Growing up is hard to do. It takes much longer than it ought. But then what do I know; I'm not a real person yet either.

3. Inside Llewyn Davis (dir. Joel and Ethan Coen)
Sing, fuck up, rinse, repeat. The only advice worth taking is impossible to follow. 

 2The Wind Rises (Hayao Miyazaki)
Beauty never enters the world without consequences; from the garden, to Helen of Troy, to airplanes... beautiful airplanes - what a gift, now we can scoff at the sky saying 'you too are now part of our world'.

1. Before Midnight (dir. Richard Linklater)
Where are we now? How can we go back to the old stories? To sunrises, trains, harpsichords, boats, and sunsets? Our story now is indivisible; we are as much each other as ourselves.

Honourable Mentions
The Bling Ring, Captain Phillips, The Croods, Enough Said, From Up On Poppy Hill, I'm So Excited, The Place Beyond the Pines, The Unspeakable Act.

The Awards

Best Director

Alfonso Cuaron (Gravity)
Martin Scorsese (The Wolf of Wall Street)
Hayao Miyazaki (The Wind Rises)
2nd - Pablo Larrain (No)

Richard Linklater (Before Midnight)

Best Actress

Julia Louis-Dreyfus (Enough Said)
Sandra Bullock (Gravity)
Ashley Benson, Selena Gomez, Vanessa Hudgens, Rachel Korine (Spring Breakers)
2nd - Greta Gerwig (Frances Ha)

Julie Delpy (Before Midnight)

Best Actor

Tom Hanks (Captain Phillips)
Chiwetel Ejiofor (12 Years a Slave)
Ethan Hawke (Before Midnight)
2nd - Oscar Isaac (Inside Llewyn Davis)

Leonardo DiCaprio (The Wolf of Wall Street)

Best Supporting Actor

Alfredo Castro (No)
Ryan Gosling (The Place Beyond the Pines)
Michael Fassbender (12 Years a Slave)
2nd - Jonah Hill (The Wolf of Wall Street)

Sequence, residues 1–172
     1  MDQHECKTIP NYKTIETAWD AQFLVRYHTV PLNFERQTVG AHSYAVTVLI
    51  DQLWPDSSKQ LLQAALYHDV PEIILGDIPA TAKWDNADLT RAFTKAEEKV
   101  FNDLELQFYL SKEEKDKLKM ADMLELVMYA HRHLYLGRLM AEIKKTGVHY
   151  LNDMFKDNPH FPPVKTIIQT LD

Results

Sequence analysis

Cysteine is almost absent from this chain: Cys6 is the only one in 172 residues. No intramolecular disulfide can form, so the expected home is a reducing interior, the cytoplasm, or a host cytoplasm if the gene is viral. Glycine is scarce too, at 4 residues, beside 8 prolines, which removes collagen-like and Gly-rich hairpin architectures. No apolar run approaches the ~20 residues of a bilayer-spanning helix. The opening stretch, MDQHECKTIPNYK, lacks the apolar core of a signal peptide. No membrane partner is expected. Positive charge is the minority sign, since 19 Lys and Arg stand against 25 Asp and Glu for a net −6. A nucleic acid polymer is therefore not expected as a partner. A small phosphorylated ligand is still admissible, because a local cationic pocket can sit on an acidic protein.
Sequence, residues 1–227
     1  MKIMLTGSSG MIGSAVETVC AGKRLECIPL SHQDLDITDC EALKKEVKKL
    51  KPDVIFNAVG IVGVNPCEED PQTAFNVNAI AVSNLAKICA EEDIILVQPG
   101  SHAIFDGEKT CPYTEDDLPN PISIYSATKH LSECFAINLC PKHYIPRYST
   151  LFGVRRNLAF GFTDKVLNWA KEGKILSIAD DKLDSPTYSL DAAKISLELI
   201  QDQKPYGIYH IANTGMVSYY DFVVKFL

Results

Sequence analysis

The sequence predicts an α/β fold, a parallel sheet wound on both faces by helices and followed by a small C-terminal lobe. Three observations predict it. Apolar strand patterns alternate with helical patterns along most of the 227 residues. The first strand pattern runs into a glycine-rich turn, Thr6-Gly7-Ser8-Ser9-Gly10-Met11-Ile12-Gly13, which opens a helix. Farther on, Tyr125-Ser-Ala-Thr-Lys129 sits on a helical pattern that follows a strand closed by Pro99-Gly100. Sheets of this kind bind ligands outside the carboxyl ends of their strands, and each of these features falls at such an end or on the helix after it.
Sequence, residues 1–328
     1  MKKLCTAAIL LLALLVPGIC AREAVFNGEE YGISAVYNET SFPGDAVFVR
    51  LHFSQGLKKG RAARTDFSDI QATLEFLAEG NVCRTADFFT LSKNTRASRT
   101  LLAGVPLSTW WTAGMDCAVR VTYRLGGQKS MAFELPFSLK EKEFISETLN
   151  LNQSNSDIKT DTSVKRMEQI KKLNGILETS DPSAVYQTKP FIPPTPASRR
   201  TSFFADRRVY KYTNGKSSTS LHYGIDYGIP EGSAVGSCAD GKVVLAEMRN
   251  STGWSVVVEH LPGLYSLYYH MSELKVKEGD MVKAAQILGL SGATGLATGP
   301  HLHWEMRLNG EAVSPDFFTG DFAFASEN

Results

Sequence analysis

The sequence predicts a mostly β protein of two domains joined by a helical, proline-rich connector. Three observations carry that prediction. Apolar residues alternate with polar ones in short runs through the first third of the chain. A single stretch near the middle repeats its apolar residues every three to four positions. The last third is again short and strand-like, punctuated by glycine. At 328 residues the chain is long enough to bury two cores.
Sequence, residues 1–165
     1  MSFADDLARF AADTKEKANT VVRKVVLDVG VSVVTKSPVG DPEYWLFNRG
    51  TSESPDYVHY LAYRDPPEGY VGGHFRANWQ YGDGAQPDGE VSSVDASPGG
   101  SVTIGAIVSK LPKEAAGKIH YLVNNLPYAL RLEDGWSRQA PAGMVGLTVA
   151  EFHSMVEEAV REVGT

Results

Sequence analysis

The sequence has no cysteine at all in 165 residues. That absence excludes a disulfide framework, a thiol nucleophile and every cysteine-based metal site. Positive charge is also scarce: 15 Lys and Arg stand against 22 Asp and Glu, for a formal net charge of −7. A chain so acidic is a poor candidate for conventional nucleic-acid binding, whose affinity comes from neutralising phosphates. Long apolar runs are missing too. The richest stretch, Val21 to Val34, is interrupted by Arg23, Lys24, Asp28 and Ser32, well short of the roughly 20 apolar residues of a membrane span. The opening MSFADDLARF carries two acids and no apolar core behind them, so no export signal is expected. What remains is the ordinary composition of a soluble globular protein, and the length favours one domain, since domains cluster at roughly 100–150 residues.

James Franco (Spring Breakers)

Best Supporting Actress

Eva Mendes (The Place Beyond the Pines)
Margot Robbie (The Wolf of Wall Street)
Colleen Clinkbeard (Wolf Children)
2nd - Cary Mulligan (Inside Llewyn Davis)

Lupita Nyong'o (12 Years a Slave)

Best Ensemble

Inside Llewyn Davis
Before Midnight
Frances Ha
2nd - The Wolf of Wall Street


Screenplay (original or adapted)

Kirk DeMicco, Chris Sanders (The Croods)
Joel and Ethan Coen (Inside Llewyn Davis)
Mamoru Hosoda, Satoko Okudera (Wolf Children)
Derek Cianfrance, Ben Coccio, Darius Marder (Place beyond the Pines)
Nicole Holofcener (Enough Said)
Terence Winter (The Wolf of Wall Street)
John Ridley (12 Years a Slave)
3rd - Pedro Peirano (No)

3rd - Noah Baumbach, Greta Gerwig (Frances Ha)

2nd - Hayao Miyazaki (The Wind Rises)

Richard Linklater, Julie Delpy, Ethan Hawke (Before Midnight)


Sergio Armstrong (No)
Christos Voudouris (Before Midnight)
Harris Savides, Christopher Blauvelt (The Bling Ring)
2nd - Bruno Delbonnel (Inside Llewyn Davis)

Emmanuel Lubezki (Gravity)

Monday, 10 February 2014

In honour of an engagement - The Before Series

I got engaged on the weekend, and so I thought I'd share a little thought on a particular film saga that has taught me a lot about relationships (for better or worse).

Before Sunrise: Strangers on a train make a pact - these things are doomed to complication, no one can remain emotionless in Vienna. 

A young and idealistic film about young and idealistic lovers - a good idea turned into aimlessly wandering toward an end point they haven't fully thought through... that's your early 20s right there!

Before Sunset: She knew him once (well, twice) though he was younger then, his hurt is seen clearer at the dimming of the day.

Maturity has changed these two; they have less time, they have more depth, they have less hope, they have more baggage... we have more fun.

Before Midnight: Where are we now? How could we go back to the old stories? The old Jesse & Celine? We are as much each other as ourselves.

We are in deep, scary waters now... every word, every glance, every moment has the power to tear down an entire city. With all the lessons we learn, all that we experience; with our greater intelligence, understanding, maturity, and wisdom... we can still act like foolish teenagers; stubbornly destroying everything in our wake.   

The Before movies are the embodiment of a rich and beautiful relationship - full of love, heartache, fun, frustration, pain, and truth. Linklater, Delpy, and Hawke have reached the level of the great maestros who can now play the instrument of this story with a level of skill, ease, nuance, and boldness that we rarely experience. So sit back and watch a saga that never stops giving and revealing.